This gallery, with its densely hung walls, gilded furniture, light-painted wainscot, and cove ceiling evokes the installation of art in an 18th-century nobleman’s palace.
One of the last things I saw in the Walters Art Museum was Adam and Eve (1515) from the Della Robbia worskshop. Here, the first two humans are depicted with ideal bodies that recall ancient marble sculptures. The snake has a woman’s face that resembles Eve’s. During this period, women were often described as untrustworthy, and this negative idea is reflected in the gender of the face of the snake.
It was right after meeting Adam and Eve in the Garden of Eden that I took a tumble, stepping out over the bottom step of a marble staircase and suffering a wrenching left ankle twist. I yelled, “Sh*t!” and a young man came to help me up. What an embarrassing senior moment.
After dusting myself off, my stepmother called and asked if I had just called her. I said I must have accidentally dialed her when I fell. She had heard me thanking the guy who helped me up. I told her I’d fallen and she said that’s how she’d broken her ankle.
While talking to her, I hobbled around through Chinese snuff bottles of the Qing dynasty (1644-1911), which were made to hold snuff: a mixture of spices, aromatic herbs, and powdered tobacco. Valued for its stimulating effects and supposed medicinal benefits, tobacco had been introduced by Europeans to China in the 17th century. Inhaling tobacco as snuff was considered to be more genteel than smoking, which was outlawed in China. By around 1800, snuff was enjoyed at every level of Chinese society.
I felt disheartened and in pain after that, so I left the art gallery and went to check in at Days Inn Wyndham Baltimore Inner Harbor. I waited in my room until an old friend from the past, Terry, came to the hotel to meet me.
We painstakingly made our way to Watertable, on the 5th floor of Renaissance Baltimore Harbor Place Hotel. I had a glass of wine, Harborplace Cream of Crab Chowder (delicious!), and we shared an entree of a Crab Cake dinner: 6 oz crab cake, fingerling potatoes, Chesapeake corn puree and roasted cauliflower, except I think we got roasted zucchini instead of corn puree.
Terry was my roommate at Riverside Hospital School of Professional Nursing in 1974. I hadn’t seen her since I dropped out of nursing school (deciding nursing wasn’t for me); she went on to become a nurse. She had contacted me through Facebook the week before I planned to go to Baltimore, and since she lived in Annapolis, and happened to be in a seminar in Baltimore on Friday, she met me there.
Terry wasn’t working at that time and was just doing locums (temporarily fulfilling the duties of another, like a substitute nurse).
She told me all kinds of stories about myself that I didn’t remember. She heard a story that I flipped a tall guy (perhaps my first husband Bill) on the dance floor, and I said I remember flinging him into a ditch after drinking too much tequila after a Busch Gardens party. 🙂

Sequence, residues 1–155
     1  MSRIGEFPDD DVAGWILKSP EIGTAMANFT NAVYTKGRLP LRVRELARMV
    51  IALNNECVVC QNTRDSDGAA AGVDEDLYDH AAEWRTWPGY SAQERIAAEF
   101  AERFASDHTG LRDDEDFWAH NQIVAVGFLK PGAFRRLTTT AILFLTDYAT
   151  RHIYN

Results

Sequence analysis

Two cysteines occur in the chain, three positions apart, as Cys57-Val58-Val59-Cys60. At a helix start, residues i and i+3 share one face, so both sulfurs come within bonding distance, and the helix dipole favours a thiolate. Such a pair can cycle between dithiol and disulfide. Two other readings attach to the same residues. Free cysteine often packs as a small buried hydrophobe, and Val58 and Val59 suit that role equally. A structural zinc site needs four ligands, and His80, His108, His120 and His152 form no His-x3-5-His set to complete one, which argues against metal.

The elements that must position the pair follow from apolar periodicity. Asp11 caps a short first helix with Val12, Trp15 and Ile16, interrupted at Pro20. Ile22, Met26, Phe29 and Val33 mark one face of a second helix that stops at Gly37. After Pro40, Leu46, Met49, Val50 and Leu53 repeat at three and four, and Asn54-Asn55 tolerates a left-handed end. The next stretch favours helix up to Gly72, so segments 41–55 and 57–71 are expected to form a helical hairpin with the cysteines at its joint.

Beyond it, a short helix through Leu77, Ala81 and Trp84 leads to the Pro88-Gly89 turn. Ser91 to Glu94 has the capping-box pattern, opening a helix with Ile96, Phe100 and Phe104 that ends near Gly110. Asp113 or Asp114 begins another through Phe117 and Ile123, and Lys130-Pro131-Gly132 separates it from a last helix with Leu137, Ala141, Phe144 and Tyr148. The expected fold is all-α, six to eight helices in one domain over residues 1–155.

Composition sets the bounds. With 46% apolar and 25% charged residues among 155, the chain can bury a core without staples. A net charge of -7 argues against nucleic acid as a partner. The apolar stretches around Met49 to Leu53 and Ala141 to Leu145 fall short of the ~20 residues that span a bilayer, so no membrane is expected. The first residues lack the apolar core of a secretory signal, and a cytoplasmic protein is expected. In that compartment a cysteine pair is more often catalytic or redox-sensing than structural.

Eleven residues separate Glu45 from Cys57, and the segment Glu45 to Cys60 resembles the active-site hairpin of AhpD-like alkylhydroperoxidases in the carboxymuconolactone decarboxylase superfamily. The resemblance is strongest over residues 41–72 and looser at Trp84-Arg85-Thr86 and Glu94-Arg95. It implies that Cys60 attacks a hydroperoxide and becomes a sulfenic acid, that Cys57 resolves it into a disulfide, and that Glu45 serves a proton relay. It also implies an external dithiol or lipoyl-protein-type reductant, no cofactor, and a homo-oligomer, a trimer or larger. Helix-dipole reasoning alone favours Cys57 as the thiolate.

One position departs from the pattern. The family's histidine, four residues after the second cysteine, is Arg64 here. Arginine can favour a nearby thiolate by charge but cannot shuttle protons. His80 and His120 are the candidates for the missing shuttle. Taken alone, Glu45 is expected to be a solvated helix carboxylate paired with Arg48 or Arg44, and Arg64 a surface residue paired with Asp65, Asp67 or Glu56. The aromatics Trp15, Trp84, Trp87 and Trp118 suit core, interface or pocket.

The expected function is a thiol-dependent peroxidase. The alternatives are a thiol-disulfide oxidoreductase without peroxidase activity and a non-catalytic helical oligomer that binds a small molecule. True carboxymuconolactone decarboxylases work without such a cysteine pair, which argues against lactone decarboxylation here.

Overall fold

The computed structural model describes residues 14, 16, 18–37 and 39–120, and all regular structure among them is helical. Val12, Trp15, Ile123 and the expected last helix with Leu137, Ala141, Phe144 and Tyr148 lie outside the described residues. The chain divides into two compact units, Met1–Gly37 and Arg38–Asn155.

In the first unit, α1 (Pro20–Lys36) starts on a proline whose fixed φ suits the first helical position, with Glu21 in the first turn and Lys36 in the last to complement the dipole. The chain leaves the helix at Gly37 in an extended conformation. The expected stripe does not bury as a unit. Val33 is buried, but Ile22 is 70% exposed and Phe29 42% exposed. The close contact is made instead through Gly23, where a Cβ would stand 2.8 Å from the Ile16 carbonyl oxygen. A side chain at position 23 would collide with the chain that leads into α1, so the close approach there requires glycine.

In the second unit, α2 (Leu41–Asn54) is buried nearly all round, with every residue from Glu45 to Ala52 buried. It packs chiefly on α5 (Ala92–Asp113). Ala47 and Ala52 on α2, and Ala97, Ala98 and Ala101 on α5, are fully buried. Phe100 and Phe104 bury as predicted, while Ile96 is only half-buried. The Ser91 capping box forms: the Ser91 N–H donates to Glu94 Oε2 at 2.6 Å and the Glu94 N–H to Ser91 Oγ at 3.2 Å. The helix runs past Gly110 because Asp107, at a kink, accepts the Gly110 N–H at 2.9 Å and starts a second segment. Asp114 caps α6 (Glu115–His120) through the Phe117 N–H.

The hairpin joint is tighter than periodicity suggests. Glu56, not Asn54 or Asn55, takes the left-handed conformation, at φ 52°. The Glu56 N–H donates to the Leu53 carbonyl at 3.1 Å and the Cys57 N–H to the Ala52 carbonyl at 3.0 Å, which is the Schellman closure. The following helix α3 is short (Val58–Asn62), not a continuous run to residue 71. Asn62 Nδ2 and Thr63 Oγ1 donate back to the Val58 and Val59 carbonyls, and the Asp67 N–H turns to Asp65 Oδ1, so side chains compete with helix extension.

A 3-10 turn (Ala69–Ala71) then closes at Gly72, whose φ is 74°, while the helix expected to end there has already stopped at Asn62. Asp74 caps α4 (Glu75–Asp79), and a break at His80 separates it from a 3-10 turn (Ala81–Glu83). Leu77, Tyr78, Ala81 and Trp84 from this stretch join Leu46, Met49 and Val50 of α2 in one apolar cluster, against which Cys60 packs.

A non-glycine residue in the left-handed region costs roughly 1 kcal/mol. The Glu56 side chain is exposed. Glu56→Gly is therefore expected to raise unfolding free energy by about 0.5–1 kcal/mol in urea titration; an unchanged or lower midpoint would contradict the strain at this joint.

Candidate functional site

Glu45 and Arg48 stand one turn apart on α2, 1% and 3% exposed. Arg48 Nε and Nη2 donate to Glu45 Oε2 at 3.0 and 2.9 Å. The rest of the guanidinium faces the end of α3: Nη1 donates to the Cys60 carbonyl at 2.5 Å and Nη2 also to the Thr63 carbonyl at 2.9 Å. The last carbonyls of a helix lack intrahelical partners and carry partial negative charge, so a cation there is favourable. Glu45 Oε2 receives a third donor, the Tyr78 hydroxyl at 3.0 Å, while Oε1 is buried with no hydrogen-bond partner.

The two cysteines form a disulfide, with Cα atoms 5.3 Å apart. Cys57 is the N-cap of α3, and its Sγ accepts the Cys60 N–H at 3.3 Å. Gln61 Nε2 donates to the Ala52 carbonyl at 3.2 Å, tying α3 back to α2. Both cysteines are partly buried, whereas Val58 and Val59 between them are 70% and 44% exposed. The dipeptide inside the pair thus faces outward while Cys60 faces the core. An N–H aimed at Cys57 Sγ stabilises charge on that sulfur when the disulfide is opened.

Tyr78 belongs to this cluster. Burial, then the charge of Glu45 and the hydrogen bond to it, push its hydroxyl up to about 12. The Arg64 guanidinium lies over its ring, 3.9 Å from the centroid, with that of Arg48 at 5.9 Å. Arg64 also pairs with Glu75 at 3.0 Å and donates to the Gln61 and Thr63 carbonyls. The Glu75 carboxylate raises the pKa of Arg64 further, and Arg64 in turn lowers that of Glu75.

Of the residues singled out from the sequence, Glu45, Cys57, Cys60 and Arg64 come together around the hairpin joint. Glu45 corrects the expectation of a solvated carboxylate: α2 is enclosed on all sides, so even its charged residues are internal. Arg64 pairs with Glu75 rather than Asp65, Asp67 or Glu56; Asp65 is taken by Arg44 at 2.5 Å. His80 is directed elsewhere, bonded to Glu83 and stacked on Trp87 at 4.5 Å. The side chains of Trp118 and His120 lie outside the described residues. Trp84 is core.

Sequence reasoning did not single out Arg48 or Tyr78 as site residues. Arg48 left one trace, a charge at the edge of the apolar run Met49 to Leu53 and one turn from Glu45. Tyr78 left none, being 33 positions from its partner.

I told her Bill published two books, Mathews Men and The Ghost Ships of Archangel. She said she had gone to The Annapolis Maritime Museum to hear someone talk about Ghost Ships of Archangel. She didn’t think the lecturer she heard was Bill, but he had mentioned Mathews Men. I said it must have been Bill because he wrote Ghost Ships. She said she was confused and didn’t realize they were one and the same. I showed her his picture and she said, yes, that was him. It’s a small world sometimes.
She said she thought I was always so smart and for some reason she believed I’d become a successful lawyer. I said not at all; I hadn’t done much of substance with my life. I said I’d lived and worked abroad teaching English for a number of years, and the living abroad was the highlight of my life. She said I used to come in late to our dorm room and I’d say, “Read your notes to me,” and she did. Then we’d take a quiz in class and I’d get 10 points more than she did. I honestly didn’t remember that at all.
I told her that in my Master’s program in International Commerce & Policy at George Mason University, I read all assignments, took massive detailed notes and studied them assiduously and I got almost all As but one B. But I had to work hard!!
We shared stories about our children and our stories were eerily similar: mostly problems with under-motivated children who blame us for everything that’s gone wrong in their lives. One of her sons tragically committed suicide and the other is an acupuncturist who does just enough work to get by. Her son was verbally abusive to her, so she made him move out. He is brilliant but has always done the bare minimum. Her daughter doesn’t speak to her and blames her for all that’s gone wrong in her life.
I told her about calling the police on my youngest son and much later, helping him move in with his older brother. The younger was trying to get sober but the older was still drinking and the younger went ballistic and smashed up the apartment building including the older’s TV. I told the older to call the police on him but he wouldn’t. It was a real sh!tshow and we had to get the younger permanently out of the older’s apartment, long distance, as they both lived in Denver, CO.
I told her about traveling to Charleston with my daughter and it turned into a disaster because my daughter thinks I criticize her for everything.
I told her about walking the Camino de Santiago and she was very interested since she wasn’t currently working.
It was interesting to meet up with Terry after so many years had passed and to find out our situations, at least with our children, were similar. I felt sad for the loss of her son, and she said she would do things differently if only she could have him back again.
Little did we know that we would be under lockdown in a couple of weeks due to COVID-19.
*Friday, February 21, 2020*